Sunday, December 8, 2013

Bravo, Bava! Mario's RABID DOGS (aka Kidnap-ped)--his best film--proves a streaming "must"

When one thinks of that 1960s-70s Italian filmmaker Mario Bava, horror, slasher and/or giallo movies first come to mind. This is because, till now, most of us have not been given the chance to see what is hands-down Bava's best film: a little heist-followed-by-kidnap movie called KIDNAPPED (in the original Italian Come cani arrabbiati or Rabid Dogs), which has been resurrected in an excellent Italian-language-with-English-subtitles version, given a hi-def transfer and is currently being streamed via Netflix.

Though best-known for a film -- Black Sunday -- that, despite its gorgeous and chilling black-and-white cinematography and a malevolent performance from Barbara Steele, doesn't hold up so well as any kind of a champ in the horror genre, it is this tight and absolutely right, ground-breaking thriller (his penultimate film, made in 1974) that is going to be remembered. This one holds up about as well as a forty-year-old film in this crowded genre has any right to do. Here, Signore Bava (shown at right) proves himself a master of suspense, surprise, black humor and much more. This film is so much better than so many other more widely-heralded genre pieces that attention really ought to be paid.

The film begins with a terrifically well-done heist scene (above), followed by a spectacular chase which leads to (maybe accidental) murder and a kidnapping (below)

and then to yet another kidnapping (below) --

leaving our three perps (below)

and their three victims (two of which are shown below; the other is a sick and sleeping infant),

stuck together in a car for an extraordinarily lengthy time (camerawork in the tight interior of the car is first-rate), which Bava puts to amazingly good use, with believable, exciting stops and starts.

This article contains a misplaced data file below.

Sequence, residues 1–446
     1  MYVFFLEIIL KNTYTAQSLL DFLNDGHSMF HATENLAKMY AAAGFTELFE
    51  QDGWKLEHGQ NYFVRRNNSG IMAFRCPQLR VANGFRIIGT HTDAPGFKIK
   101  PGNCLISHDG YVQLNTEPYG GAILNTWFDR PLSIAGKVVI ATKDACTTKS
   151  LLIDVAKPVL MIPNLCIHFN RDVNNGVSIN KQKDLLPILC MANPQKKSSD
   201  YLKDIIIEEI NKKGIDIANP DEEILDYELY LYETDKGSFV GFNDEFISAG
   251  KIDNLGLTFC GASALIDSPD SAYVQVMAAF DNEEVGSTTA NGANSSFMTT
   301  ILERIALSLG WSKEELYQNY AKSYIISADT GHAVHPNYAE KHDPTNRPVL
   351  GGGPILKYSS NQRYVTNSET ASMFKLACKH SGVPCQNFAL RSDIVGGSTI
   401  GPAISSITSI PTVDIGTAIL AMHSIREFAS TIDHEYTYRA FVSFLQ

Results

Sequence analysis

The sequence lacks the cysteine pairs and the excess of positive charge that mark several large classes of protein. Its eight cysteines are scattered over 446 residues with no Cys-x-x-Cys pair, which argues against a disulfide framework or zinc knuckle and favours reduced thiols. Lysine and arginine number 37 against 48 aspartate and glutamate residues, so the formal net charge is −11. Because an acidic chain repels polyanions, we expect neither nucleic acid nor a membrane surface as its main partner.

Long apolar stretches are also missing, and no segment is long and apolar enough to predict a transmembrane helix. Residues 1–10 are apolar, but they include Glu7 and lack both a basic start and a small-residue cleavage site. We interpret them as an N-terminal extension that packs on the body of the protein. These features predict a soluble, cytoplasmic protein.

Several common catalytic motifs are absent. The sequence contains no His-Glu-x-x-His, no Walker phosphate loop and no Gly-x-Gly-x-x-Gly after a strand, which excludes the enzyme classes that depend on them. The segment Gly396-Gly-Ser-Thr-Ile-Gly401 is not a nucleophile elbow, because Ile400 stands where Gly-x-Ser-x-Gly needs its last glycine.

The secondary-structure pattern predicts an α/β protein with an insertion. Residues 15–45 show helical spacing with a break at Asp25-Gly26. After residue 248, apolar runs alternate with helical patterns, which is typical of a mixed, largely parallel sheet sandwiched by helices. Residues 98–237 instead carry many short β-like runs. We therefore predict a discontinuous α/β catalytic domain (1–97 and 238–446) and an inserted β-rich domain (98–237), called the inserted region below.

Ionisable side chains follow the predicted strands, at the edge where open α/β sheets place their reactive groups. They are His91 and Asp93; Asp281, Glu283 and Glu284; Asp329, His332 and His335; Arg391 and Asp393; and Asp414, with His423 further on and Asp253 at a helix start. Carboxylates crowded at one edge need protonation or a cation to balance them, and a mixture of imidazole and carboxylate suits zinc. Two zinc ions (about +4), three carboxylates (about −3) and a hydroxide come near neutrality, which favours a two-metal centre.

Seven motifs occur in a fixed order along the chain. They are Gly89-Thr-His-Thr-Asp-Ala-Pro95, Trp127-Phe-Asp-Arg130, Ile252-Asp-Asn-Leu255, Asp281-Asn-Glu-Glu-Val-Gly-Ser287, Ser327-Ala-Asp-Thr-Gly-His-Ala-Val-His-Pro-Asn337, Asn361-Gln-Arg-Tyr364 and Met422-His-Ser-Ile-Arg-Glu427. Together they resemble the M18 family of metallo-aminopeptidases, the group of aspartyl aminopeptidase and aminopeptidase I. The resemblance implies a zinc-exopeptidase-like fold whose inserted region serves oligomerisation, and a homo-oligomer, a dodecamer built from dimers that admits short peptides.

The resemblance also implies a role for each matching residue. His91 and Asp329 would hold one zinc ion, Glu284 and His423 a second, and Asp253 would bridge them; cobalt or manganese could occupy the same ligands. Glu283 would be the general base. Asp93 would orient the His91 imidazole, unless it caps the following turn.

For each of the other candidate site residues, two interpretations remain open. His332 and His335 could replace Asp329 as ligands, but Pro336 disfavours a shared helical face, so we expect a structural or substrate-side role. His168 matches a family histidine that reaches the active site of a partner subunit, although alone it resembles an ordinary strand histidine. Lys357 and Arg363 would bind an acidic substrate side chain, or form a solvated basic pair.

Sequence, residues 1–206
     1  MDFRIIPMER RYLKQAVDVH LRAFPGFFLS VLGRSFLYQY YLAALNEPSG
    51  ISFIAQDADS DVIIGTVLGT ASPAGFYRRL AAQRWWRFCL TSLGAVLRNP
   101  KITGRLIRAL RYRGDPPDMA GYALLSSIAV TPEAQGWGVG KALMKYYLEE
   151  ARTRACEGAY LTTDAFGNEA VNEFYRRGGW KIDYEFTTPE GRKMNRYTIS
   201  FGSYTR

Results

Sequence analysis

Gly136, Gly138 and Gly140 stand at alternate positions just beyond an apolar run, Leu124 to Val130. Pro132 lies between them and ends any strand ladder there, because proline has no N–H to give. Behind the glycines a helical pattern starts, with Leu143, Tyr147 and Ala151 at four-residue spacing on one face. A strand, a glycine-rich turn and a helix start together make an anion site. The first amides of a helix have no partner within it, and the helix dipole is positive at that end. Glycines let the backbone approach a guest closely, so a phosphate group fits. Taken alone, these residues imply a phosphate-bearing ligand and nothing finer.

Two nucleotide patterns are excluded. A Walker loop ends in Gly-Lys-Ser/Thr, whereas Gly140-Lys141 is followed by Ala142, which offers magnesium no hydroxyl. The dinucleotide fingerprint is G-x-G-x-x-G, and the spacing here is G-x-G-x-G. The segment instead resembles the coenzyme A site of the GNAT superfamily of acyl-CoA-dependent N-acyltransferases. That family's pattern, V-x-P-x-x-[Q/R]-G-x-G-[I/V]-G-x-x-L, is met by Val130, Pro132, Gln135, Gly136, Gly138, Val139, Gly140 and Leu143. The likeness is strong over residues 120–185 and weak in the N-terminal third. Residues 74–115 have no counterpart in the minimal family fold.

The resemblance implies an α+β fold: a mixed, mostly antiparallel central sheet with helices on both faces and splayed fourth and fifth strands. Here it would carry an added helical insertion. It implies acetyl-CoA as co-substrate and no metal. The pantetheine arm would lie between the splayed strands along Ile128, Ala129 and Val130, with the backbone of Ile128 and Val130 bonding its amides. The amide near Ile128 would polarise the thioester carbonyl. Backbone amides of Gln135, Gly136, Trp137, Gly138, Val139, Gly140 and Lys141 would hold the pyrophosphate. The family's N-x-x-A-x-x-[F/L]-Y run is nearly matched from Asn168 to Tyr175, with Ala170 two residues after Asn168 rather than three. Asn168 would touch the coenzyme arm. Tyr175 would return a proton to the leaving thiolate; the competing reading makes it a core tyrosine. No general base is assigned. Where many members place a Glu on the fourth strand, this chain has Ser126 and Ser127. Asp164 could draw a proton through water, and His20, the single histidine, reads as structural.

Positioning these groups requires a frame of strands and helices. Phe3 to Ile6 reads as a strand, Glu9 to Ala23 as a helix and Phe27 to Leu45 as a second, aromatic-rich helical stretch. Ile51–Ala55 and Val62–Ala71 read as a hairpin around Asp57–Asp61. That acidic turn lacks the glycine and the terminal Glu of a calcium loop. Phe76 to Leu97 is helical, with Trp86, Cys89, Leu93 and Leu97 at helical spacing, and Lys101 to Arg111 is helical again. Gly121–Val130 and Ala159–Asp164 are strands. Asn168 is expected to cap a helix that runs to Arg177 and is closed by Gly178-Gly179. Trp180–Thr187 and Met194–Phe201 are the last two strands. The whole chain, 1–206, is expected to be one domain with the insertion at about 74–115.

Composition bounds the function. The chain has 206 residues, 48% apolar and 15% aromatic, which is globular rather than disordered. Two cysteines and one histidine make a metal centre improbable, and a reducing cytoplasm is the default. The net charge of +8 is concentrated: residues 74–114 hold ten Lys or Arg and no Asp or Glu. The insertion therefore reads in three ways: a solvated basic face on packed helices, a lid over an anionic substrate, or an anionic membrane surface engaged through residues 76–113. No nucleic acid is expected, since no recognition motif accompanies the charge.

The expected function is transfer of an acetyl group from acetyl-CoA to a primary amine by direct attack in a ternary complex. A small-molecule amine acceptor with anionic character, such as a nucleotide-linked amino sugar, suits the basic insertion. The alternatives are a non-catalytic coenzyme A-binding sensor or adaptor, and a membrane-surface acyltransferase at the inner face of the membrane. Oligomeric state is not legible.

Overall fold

The best of these involves an escape attempt in which the escapee is caught and forced to pee in front of her captors. This must have been ground-breaking stuff back in '74 (still is, actually), and while it is raw and rough, it never goes over the top into camp or the grossly bloody stuff we find in so many horror or giallo films.

How Bava and his screenwriter Alessandro Parenzo handle all this -- the logic of it, the twists and turns, the simply stunning climax and denouement (as darkly surprising as I wager you've seen) is exemplary.

The cast turns in exemplary performances, too: from Riccardo Cucciolla (above), as the quiet, reasonable father of the sick child, to the frightened-to-the-edge woman (Lea Lander, below) who has seen her neighbor slaughtered and now must put up with kidnapping and the attention of the two crazies who keep threatening rape.

Oddly enough it is one of those crazies who turns in the film's most memorable performance: a tall, rangy, very sexy actor named George Eastman (above, right, and below) who plays a fellow nicknamed 32. This won't mean much to us Americans, unless we realize that Italians are on the metric system, in which 32 centimeters translates into a little more than 12-1/2 inches, which should begin to bring 32's unusually ample anatomy into better focus.

There's another ground-breaking scene in which 32 pulls out his piece (Bava's camera remains discreetly in the front seat), hardens it up and insists that his victim service him. While this guy and his friend and accomplice (nicknamed "Blade" for the knife he sports--and uses) are surely reprehensible types whom you want to see put out of their misery, by film's end you can't help feeling a bit sorry for them, too, as opposed to the heartless guy in charge, called Doc, who radiates a nasty, evil, uncaring intelligence.

After viewing this little B-movie wonder, one wonders: Had Rabid Dogs/Kidnapped appeared toward the beginning of Bava's career rather than its end, might he have chosen to work more often in a different genre?

Whatever: The movie can be seen now on Netflix streaming, while the newly re-mastered Blu-ray edition, from Kino Classics, can also be purchased from the usual suspects.

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